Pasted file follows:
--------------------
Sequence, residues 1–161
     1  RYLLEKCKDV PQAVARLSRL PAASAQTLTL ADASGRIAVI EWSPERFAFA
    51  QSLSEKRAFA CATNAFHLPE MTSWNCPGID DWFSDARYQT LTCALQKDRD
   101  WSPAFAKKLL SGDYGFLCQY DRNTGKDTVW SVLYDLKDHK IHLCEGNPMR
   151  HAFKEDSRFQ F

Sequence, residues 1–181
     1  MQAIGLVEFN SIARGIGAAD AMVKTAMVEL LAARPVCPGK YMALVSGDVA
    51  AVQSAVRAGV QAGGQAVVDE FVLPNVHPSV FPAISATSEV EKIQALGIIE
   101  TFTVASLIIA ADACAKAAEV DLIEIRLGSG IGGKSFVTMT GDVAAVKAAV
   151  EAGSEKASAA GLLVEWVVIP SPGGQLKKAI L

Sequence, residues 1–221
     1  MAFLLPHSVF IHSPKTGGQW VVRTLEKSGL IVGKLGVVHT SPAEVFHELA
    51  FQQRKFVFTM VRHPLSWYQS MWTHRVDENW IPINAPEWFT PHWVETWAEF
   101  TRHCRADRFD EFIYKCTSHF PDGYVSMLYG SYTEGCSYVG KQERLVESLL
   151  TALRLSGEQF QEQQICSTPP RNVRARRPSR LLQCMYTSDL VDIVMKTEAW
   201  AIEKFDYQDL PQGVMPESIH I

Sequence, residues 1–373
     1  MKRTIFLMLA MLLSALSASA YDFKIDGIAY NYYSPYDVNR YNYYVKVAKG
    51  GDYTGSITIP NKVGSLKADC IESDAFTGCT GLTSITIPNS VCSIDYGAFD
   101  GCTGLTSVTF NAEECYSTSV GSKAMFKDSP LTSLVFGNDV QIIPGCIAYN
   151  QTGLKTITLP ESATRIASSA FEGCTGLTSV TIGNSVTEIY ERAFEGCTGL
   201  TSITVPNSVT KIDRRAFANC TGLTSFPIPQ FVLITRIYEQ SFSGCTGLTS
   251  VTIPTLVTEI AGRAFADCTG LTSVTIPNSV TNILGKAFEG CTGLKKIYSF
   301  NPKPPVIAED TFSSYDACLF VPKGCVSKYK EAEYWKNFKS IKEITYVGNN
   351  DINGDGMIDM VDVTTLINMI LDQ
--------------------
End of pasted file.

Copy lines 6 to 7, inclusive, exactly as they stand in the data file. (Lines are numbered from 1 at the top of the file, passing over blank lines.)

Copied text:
Sequence, residues 1–181
     1  MQAIGLVEFN SIARGIGAAD AMVKTAMVEL LAARPVCPGK YMALVSGDVA